I was 54 years old. A few days later, I was diagnosed with Stage 4 non-small cell lung cancer. Since I was an otherwise healthy, active, never-smoker, the doctors at Memorial Sloan Kettering Cancer Center predicted I would have the EGFR mutation, and the biopsy results proved they were right. The targeted therapy, Tarceva, shrunk my tumors, and with tolerable side effects, allowed me to continue leading a relatively normal life. I even took up sculling, a sport that I had always aspired to learn.
    However, I was disappointed when only after 9 months my cancer figured out a “way around” the Tarceva, which is expected for targeted therapies (referred to as acquired resistance). Thus, began my participation in a series of clinical trials and chemotherapy, all with mixed results and, at times, difficult side effects, which forced me to retire from my work which I truly loved and still miss a lot.
    One bright period during these trials was a 14-month durable response from a trial combining Tarceva and the immunotherapy drug called Nivolumab, also known as Opdivo.  Unfortunately, after 14 months I had to be quickly removed from this trial due to adrenal failure and colitis.  In addition, I have been taking blood thinners since the diagnosis because of a DVT that was found at that time, and a couple of years ago I had a brain tumor surgically removed. My latest battle is with Leptomeningeal Disease, against which I hope to beat the odds once again.
    Throughout my treatment, I’ve taken advantage of different integrative health services to help manage symptoms and side effects, such as acupuncture, counseling, support groups, and meditation. I can’t say these endeavors were always helpful, but it was important for me to try to find alternate ways to manage symptoms, both physical and emotional.  However, over time my stamina began to wane, and my sense of self efficacy began to diminish. It became increasingly frustrating not to be able to do the things I always enjoyed. The treatments and their side effects can wear you down.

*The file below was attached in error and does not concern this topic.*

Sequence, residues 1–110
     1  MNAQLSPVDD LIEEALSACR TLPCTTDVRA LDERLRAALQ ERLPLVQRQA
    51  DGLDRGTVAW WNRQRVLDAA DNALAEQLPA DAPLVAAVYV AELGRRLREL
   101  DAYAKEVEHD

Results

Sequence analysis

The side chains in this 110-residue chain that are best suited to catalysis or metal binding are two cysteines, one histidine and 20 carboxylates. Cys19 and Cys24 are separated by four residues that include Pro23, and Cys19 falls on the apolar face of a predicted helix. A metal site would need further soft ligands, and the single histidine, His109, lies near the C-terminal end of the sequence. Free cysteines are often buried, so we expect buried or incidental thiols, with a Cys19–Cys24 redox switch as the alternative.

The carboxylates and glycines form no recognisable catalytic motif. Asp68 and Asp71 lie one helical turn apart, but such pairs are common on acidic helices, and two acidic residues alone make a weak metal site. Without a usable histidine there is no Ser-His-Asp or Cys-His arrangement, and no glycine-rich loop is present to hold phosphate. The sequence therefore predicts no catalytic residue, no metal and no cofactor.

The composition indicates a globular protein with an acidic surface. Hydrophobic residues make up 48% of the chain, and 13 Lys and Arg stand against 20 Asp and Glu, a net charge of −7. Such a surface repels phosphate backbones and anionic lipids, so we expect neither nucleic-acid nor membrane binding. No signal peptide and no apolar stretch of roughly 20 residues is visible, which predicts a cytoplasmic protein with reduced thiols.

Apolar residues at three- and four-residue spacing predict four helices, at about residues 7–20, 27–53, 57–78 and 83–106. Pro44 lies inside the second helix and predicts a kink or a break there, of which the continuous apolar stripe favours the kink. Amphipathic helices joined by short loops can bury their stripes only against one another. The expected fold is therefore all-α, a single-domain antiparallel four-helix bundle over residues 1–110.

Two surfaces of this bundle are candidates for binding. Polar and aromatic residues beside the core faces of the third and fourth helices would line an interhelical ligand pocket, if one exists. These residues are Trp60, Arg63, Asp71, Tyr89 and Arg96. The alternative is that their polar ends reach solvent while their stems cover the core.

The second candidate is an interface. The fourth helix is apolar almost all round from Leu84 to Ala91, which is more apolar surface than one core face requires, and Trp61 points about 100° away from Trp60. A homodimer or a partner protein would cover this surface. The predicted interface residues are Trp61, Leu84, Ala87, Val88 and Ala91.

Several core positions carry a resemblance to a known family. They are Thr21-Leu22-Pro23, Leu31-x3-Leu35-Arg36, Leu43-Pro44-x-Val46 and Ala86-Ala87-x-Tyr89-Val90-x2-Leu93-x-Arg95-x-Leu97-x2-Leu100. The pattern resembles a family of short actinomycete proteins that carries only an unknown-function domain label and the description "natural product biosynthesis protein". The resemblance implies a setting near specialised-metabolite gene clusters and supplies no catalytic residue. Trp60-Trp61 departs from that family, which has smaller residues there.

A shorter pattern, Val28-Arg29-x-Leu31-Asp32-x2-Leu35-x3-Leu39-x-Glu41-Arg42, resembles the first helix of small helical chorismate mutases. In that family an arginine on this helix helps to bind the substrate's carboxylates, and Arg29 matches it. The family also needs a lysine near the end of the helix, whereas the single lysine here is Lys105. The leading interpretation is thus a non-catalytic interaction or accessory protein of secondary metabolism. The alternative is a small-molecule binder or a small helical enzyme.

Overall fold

Initially, I struggled to find camaraderie with other survivors who have the same mutation as mine. Social media has been particularly helpful, especially in the beginning when I was trying to learn about different treatments and find a community. LUNGevity, Cancer Grace, and Inspire, and Lung Care Alliance were all useful sources of information and support.
    My husband has been a great support and care giver. Initially, he dug into the research to learn what treatments were in development, so we knew what was in the pipeline. Moreover, my children have also been there for me. Even though they’ve grown up and don’t live at home anymore, they still come to visit me as often as they can. It has been difficult for me to accept not being able to participate in their activities and lives the way I was able to when I was healthy. It has been a continuing effort for me to feel “a part of the game.”
    If I could share my experience with someone newly diagnosed, I would recommend getting as much information as you can from credible sources and not being afraid to get second opinions. It’s best to be treated at a major cancer center even if it means traveling because the research experience, depth of knowledge, and specialists they provide are cutting-edge. I would also recommend participating in clinical trials if they’re an option, as well as trying to find people to connect with who are going through similar situations.
    Since my diagnosis, life has been a roller-coaster ride of living with uncertainty and trying to function amidst toxic side effects. I try to appreciate the good days and keep active. This spring will be my seventh-year anniversary living with Stage IV lung cancer. I am grateful for those who are raising awareness of lung cancer as a growing epidemic in non-smoking women and am excited to share my story to help other patients. I am especially interested in helping to erase the stigma that lung cancer is only a smoker’s disease, and hopefully increase research funding to the level it should be.


  11. Like
    Judy M. reacted to Tom Galli for a blog entry, Lung Cancer's Painful Quadratic Equation